Vox Populi

A Public Sphere for Poetry, Politics, and Nature

David Korten: The Time for Postponing Climate Action Is Over

Humanity is reawakening to a basic truth understood by earlier humans, by many Indigenous people today, and now confirmed by the leading scientists: We are born of and members of a living Earth community.

January 29, 2020 · Leave a comment

Jason Baldinger: Résumé

apparently just to live
just to experience life
is not an acceptable trade

January 28, 2020 · 2 Comments

Tiffany Muller: The Court Ruling That Sold Our Democracy

Ten years after Citizens United, the damage is broad and deep — but we can still fix it.

January 28, 2020 · 2 Comments

Daniel Burston: 'In Your Guts You Know He's Nuts'

If Americans re-elect Trump, he will shatter what little is left of American democracy, rendering the whole system of governance completely dysfunctional or irrelevant, and all American citizens ever more vulnerable to corruption and manipulation by anti-democratic powers abroad, imperiling the lives of virtually everyone on this planet in the not too distant future.

January 27, 2020 · Leave a comment

Olga Tokarczuk: The Tender Narrator (Nobel Lecture)

I believe I must tell stories as if the world were a living, single entity, constantly forming before our eyes, and as if we were a small and at the same time powerful part of it.

January 26, 2020 · 1 Comment

Michael Simms: Re-reading Christina Rossetti's 'In an Artist's Studio'

The value of Rossetti’s poem lies in both the expert use of the Petrarchan sonnet, a particularly challenging form to master in English, and in the poet’s complex stance on the role of art in creating and re-enforcing images of women.

January 24, 2020 · Leave a comment

Charlotte Turner Smith: Sonnet Written in the Churchyard at Middleton in Sussex

She saw herself as a poet first and foremost, poetry at that period being considered the most exalted form of literature. Scholars now credit her with transforming the sonnet into an expression of woeful sentiment. Although an important writer and poet, Smith had a difficult family life and died in poverty, largely forgotten.

January 24, 2020 · Leave a comment

Emma Parker: This young woman created 784 paintings while hiding from the Nazis

Together these sequential images tell a family history, focussing on a central character called Charlotte Kann, a semi-autobiographical version of Salomon herself. They document Charlotte’s development as an artist, her struggles against madness and her first love affair, all painted against a backdrop of increasingly violent Nazi rule.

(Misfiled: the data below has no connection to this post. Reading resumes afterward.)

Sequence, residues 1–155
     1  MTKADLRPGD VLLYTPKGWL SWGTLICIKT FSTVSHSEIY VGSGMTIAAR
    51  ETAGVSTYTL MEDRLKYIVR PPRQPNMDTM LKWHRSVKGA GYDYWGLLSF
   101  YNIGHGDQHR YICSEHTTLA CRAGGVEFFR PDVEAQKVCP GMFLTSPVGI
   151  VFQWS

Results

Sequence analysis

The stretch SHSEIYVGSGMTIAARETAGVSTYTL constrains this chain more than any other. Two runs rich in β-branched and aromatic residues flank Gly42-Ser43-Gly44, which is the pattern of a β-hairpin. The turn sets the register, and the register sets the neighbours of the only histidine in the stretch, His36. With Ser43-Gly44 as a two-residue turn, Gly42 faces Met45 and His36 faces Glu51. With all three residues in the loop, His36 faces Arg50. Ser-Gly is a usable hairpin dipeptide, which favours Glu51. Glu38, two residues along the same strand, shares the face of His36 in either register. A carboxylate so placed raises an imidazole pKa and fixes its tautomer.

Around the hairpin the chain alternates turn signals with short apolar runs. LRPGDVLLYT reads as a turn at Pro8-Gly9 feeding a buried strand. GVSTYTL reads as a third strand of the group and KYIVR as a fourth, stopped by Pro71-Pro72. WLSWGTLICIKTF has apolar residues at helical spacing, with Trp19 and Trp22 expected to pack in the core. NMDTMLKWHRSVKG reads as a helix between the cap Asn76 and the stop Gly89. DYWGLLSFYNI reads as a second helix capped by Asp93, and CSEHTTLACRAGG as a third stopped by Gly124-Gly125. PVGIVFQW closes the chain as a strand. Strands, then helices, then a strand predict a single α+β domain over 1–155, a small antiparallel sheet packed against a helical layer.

January 21, 2020 · Leave a comment

Zenobia Jeffries Warfield: What the White Debate Stage Says About Racial Equity

Sanders and Warren are the only remaining candidates who’ve introduced policies aimed at addressing racial inequity, but many folks of color are skeptical of their commitment to those policies.

January 20, 2020 · 1 Comment

Sandra McPherson: Richard Milhous

He was ill-favored and uncraved and yet had we known
his secret life we would have perceived his lyingas a form of gentleness…

January 20, 2020 · Leave a comment

Jeffrey C. Isaac: The Warren-Sanders Squabble is Foolish

The current kerfuffle between Warren and Sanders has almost nothing to do with the real issues at stake in this election and even this primary.

January 18, 2020 · 3 Comments

Vanessa K. Bohns: Weinstein jurors must differentiate between consent and compliance – which research shows isn't easy

Did the women accusing Harvey Weinstein of sexual assault consent to his sexual advances of their own free will, or were they coerced?

January 16, 2020 · Leave a comment

Chris Hedges: The Miracle of Kindness

Take a brief journey through the eyes of American Pulitzer Prize-winning journalist Chris Hedges to Jerusalem, Gaza, and Iraq, and discover the sacred bonds that make us human.

January 15, 2020 · 5 Comments

Video: A Worthy Man

Night after night Erik works alone in his bakery. His only company is the late-night radio show host whom he persistently attempts to get through to and be honored with “Joker of the Week”. He has gradually become more and more distant to his family, and all his efforts to re-establish the connection seem in vain. A growing depression hurls Erik into a tailspin that in the end culminates in a bizarre cry for help.

January 12, 2020 · Leave a comment

Enter your email address to follow Vox Populi and receive new posts by email.

Join 10,923 other followers

Blog Stats

  • 3,816,548 hits

Archives